The giants of online clothing, Asos and Boohoo, collapse in the face of fiscal repression.

<pre><pre>The giants of online clothing, Asos and Boohoo, collapse in the face of fiscal repression.

Online giants, Asos and Boohoo, collapsed as fiscal repression loomed.

Chancellor Philip Hammond said he wanted to take action to help High Street level the playing field with online competitors with more than 50,000 retail jobs lost so far this year.

Critics say that Internet giants have an unfair advantage by paying less in business rates and, in the case of some international companies, exchanging cash abroad.

ASOS (models on the left) and Boohoo (models on the right) face fiscal repression.

Hammond said: "We want to ensure that taxes are fair between companies that do business in a traditional way and those that do business online.

"The EU has been talking about a tax on online platform companies based on the value generated, which is certainly something we would be willing to consider."

Boohoo, based in Manchester, dropped 203.9 pence almost as soon as Hammond's comments were published around lunchtime. They stabilized to close 2 percent, or 4.05 p at 199.85p.

The London-based firm closed with a decline of 0.8 percent, or 50 pence, to 6172 pence.

High Street rival Debenhams rose 1 percent, or 0.12 pence, to 11.64 pence as its biggest shareholder, Mike Ashley, took out House of Fraser and speculation of a merger grew.

Analyst Neil Wilson said: "Are we about to see the House of Debenhams? Or maybe it will be renamed Ashley's House. This seems to be the only viable solution; combining operations to reduce overhead and stop competing with each other. "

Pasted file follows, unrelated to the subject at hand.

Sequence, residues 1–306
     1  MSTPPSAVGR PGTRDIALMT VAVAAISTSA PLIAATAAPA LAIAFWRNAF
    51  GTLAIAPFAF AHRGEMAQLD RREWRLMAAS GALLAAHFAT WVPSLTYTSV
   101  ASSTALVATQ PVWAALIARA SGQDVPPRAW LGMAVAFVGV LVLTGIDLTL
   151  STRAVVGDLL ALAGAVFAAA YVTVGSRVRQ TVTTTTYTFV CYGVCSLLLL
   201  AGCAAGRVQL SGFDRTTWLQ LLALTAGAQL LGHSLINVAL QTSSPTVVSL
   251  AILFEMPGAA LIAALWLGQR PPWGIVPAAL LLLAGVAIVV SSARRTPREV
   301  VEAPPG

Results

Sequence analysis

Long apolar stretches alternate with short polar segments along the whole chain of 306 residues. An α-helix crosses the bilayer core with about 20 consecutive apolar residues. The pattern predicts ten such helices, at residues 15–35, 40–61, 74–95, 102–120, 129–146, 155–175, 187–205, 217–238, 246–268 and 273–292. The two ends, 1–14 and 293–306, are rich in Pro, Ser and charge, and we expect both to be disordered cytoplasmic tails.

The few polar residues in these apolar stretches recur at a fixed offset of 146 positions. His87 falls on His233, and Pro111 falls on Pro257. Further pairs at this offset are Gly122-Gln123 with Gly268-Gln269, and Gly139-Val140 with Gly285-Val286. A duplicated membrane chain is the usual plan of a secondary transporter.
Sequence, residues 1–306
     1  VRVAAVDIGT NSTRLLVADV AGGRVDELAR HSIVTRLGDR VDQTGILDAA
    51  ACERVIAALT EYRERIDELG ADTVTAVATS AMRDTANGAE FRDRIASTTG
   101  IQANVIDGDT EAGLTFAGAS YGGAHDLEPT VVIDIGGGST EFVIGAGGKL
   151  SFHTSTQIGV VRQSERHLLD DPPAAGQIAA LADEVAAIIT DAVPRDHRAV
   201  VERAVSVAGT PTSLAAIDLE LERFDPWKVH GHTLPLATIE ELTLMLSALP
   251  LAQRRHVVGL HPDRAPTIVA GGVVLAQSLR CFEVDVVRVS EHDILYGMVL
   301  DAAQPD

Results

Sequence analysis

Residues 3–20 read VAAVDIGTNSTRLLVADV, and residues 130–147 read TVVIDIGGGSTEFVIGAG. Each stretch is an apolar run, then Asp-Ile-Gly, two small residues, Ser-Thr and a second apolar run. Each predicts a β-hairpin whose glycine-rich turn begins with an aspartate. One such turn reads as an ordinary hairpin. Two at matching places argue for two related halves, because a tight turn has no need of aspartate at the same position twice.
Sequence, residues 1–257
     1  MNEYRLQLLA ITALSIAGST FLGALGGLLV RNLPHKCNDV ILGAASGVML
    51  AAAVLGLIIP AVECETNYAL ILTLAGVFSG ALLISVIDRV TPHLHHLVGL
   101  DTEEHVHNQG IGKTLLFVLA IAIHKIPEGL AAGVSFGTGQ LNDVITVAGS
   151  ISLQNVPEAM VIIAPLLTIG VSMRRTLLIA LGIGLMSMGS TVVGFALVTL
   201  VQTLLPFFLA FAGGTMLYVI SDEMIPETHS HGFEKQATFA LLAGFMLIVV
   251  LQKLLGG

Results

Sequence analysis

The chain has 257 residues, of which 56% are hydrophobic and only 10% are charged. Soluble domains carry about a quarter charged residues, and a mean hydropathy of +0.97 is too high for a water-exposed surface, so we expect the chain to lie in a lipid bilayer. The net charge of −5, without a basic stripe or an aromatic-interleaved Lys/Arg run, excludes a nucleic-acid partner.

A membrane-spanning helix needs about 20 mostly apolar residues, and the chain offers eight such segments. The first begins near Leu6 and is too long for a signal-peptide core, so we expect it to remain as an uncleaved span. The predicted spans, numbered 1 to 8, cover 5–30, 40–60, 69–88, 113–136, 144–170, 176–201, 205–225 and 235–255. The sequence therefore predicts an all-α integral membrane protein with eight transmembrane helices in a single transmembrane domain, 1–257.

The FTSE 100 fell 74.76 points, or 0.97 percent, to 7667.01, despite a weaker pound, which is normally compatible with the index.

Rolls-Royce was also depressed after a critical note from JP Morgan.

Rolls-Royce was also depressed after a critical note from JP Morgan.

Rolls-Royce was also depressed after a critical note from JP Morgan.

Russian steelmaker Evraz, with a 9 percent drop, or 50.4 pence, to 510 pence, was one of the biggest declines due to nervousness over US sanctions against Russia for poisoning by Sergei Skripal, announced this week.

Other miners exposed to Russia also fell with Polymetal by 2.3 percent, or 15.6 p, to 654.2 p, and Kaz Minerals by 1.4 percent, or 8.8 p, to 612.4 p. The miners fell sharply in all areas as the dollar strengthened to its highest point in 12 months, affecting copper prices.

Anglo American fell 2.6 percent, or 44 pence, to 1667.6 pence, as BHP Billiton fell 1.4 percent, or 24 pence, to 1696 pence. Glencore fell 2.7 percent, or 9.05 p, to 321.15 p, and Rio Tinto dropped 2 percent, or 78.5 p, to 3803 p.

Rolls-Royce was also depressed after a critical note from JP Morgan, which downgraded the underweight and reduced its target price from 965p to 840p.

The aircraft engine manufacturer has been struggling with problems with its Trent 1,000 engines that deteriorate faster than expected. Analysts at JP Morgan said: "In relation to other civil aerospace actions that we follow, we believe that Rolls-Royce now offers investors a less attractive risk reward.

"He's currently dealing with a £ 1.5billion cost overrun related to the Trent 1000, he's increasing production in many new programs, all while planning to cut his workforce by 9 percent from 2018-20."

Travel agent Tui, with a 1.5 percent gain, or 23p, to 1565.5p, had a better day, repairing losses since Thursday when it registered a 7.5 percent drop driven by the control strikes of air traffic in June.

Cruise ship operator Carnival also rose 2 percent, or 92 p, to 4623 p.

Ryanair fell 3.7 percent, or € 0.5, to € 12.98, with a flight of six canceled yesterday amid strikes over wages and conditions.

At the junior end, the Yellow Cake investment fund rose 0.6 percent, or 1.25 pence, to 225.25 pence after announcing it had bought 350,000 pounds of Kazatomprom uranium for 6.3 million pounds. sterling He plans to store it in Canada and now owns 8.4 million pounds of material used for nuclear energy.

Bosses believe that uranium has a lower price and that they can make a profit when it increases.

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